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“Small Business” Tax Package in Senate Minimum Wage Bill Poses Fiscal Risks

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Publication Date: February 2007

Publisher(s): Center on Budget and Policy Priorities (Washington, D.C.)

Author(s): Aviva Aron-Dine

Special Collection: John D. and Catherine T. MacArthur Foundation

Topic: Banking and finance (Taxation and tax policy)
Labor (Labor conditions, wages, salaries, and benefits)

Keywords: Economic projections; Federal budget; Tax code; Corporate finance

Type: Report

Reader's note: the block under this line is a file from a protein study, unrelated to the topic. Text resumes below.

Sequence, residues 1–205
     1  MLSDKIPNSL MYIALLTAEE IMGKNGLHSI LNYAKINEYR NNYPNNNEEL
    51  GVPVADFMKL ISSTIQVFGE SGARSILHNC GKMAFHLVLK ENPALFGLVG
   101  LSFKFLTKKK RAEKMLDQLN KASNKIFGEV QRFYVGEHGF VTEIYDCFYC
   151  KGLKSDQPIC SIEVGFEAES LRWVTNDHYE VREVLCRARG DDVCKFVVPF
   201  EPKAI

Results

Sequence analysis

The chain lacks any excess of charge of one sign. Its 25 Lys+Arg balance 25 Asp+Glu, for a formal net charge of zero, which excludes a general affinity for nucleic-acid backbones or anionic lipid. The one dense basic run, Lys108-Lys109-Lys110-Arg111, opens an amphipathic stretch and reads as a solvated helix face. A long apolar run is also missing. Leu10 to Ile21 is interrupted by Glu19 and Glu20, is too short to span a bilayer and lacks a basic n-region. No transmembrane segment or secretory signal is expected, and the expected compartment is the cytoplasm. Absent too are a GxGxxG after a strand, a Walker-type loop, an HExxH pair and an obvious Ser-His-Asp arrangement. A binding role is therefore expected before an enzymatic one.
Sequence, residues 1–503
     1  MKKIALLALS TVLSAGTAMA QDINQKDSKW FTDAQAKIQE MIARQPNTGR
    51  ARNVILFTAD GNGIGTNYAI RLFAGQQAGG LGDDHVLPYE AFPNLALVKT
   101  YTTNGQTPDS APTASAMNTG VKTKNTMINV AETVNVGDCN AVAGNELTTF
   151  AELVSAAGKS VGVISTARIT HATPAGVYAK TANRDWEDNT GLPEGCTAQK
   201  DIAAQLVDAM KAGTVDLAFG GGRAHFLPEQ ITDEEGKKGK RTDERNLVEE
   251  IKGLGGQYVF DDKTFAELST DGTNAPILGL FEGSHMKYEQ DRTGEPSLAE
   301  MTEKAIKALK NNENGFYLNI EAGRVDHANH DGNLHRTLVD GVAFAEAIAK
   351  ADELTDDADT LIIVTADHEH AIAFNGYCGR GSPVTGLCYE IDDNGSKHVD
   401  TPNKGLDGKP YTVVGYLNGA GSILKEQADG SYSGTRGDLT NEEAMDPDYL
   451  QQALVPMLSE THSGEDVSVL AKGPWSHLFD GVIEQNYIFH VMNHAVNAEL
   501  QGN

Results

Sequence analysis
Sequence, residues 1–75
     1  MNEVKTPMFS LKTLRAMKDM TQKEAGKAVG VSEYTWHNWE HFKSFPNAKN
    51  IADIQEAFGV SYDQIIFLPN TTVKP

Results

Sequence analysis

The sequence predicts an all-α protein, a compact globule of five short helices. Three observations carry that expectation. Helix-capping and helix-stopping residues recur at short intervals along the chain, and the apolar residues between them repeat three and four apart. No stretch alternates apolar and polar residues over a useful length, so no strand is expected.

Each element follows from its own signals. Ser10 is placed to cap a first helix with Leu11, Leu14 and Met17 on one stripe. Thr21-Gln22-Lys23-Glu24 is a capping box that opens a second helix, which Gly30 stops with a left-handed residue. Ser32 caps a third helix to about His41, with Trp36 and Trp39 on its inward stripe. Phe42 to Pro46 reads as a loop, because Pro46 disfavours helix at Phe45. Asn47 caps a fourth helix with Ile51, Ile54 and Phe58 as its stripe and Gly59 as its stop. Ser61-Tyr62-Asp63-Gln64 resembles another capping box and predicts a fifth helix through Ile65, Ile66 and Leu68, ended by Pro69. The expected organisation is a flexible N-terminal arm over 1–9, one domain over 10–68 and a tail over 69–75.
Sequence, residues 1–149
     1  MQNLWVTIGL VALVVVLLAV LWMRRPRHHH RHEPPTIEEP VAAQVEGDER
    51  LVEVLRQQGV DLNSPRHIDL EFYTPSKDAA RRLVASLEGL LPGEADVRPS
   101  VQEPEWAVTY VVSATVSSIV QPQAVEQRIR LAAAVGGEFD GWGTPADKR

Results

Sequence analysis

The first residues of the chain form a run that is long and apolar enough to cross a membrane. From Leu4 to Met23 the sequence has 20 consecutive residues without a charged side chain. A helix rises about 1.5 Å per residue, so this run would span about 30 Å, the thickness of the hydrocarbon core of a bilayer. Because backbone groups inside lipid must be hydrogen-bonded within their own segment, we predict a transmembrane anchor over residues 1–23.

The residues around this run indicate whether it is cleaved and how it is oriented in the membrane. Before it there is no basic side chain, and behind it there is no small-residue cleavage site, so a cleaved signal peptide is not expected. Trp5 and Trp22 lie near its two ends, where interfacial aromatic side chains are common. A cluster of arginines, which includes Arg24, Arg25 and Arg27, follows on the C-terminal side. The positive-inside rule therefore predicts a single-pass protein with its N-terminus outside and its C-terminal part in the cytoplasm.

On February 1, the Senate passed a minimum wage bill that includes a package of business tax cuts. The cost of these tax cuts is $8.3 billion over the ten years from 2007 to 2016. On February 16, the House of Representatives passed a much smaller package of business tax cuts, the cost of which is $1.5 billion between 2007 and 2016 (and $1.3 billion between 2007 and 2017[1]). House Democratic leaders have explained that, while they would prefer to see Congress pass a “clean” minimum wage bill, they were willing to approve a smaller tax-cut package in order to reach agreement with the Senate. The costs of both the House and the Senate tax packages are offset, as is required under the Pay As You Go budget rules recently reintroduced in the House. (Under PAYGO, the costs of legislation that reduces revenues or increases entitlement spending must be paid for.) Some may conclude that, because the tax cuts are paid for, they raise no concerns from the perspective of fiscal responsibility. This view is too simplistic.